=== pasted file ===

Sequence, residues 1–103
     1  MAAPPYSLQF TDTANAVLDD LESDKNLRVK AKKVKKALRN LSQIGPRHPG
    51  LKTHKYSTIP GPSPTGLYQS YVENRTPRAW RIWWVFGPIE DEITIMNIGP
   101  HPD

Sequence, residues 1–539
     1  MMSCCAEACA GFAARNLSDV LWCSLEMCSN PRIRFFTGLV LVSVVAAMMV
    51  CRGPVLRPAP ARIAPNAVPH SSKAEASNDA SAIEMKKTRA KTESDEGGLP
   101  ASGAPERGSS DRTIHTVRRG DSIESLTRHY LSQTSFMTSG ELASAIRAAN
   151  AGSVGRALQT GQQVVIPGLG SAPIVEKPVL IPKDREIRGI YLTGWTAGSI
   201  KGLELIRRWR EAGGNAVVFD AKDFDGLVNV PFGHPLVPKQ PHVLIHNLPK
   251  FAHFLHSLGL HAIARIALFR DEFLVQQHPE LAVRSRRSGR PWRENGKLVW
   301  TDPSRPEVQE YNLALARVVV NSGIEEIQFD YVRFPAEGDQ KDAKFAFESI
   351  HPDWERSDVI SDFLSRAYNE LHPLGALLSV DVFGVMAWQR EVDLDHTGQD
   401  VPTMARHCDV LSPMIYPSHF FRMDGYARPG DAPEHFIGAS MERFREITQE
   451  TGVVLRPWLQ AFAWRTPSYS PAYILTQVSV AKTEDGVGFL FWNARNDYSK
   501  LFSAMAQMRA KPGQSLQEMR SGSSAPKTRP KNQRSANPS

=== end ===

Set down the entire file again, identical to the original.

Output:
Sequence, residues 1–103
     1  MAAPPYSLQF TDTANAVLDD LESDKNLRVK AKKVKKALRN LSQIGPRHPG
    51  LKTHKYSTIP GPSPTGLYQS YVENRTPRAW RIWWVFGPIE DEITIMNIGP
   101  HPD

Sequence, residues 1–539
     1  MMSCCAEACA GFAARNLSDV LWCSLEMCSN PRIRFFTGLV LVSVVAAMMV
    51  CRGPVLRPAP ARIAPNAVPH SSKAEASNDA SAIEMKKTRA KTESDEGGLP
   101  ASGAPERGSS DRTIHTVRRG DSIESLTRHY LSQTSFMTSG ELASAIRAAN
   151  AGSVGRALQT GQQVVIPGLG SAPIVEKPVL IPKDREIRGI YLTGWTAGSI
   201  KGLELIRRWR EAGGNAVVFD AKDFDGLVNV PFGHPLVPKQ PHVLIHNLPK
   251  FAHFLHSLGL HAIARIALFR DEFLVQQHPE LAVRSRRSGR PWRENGKLVW
   301  TDPSRPEVQE YNLALARVVV NSGIEEIQFD YVRFPAEGDQ KDAKFAFESI
   351  HPDWERSDVI SDFLSRAYNE LHPLGALLSV DVFGVMAWQR EVDLDHTGQD
   401  VPTMARHCDV LSPMIYPSHF FRMDGYARPG DAPEHFIGAS MERFREITQE
   451  TGVVLRPWLQ AFAWRTPSYS PAYILTQVSV AKTEDGVGFL FWNARNDYSK
   501  LFSAMAQMRA KPGQSLQEMR SGSSAPKTRP KNQRSANPS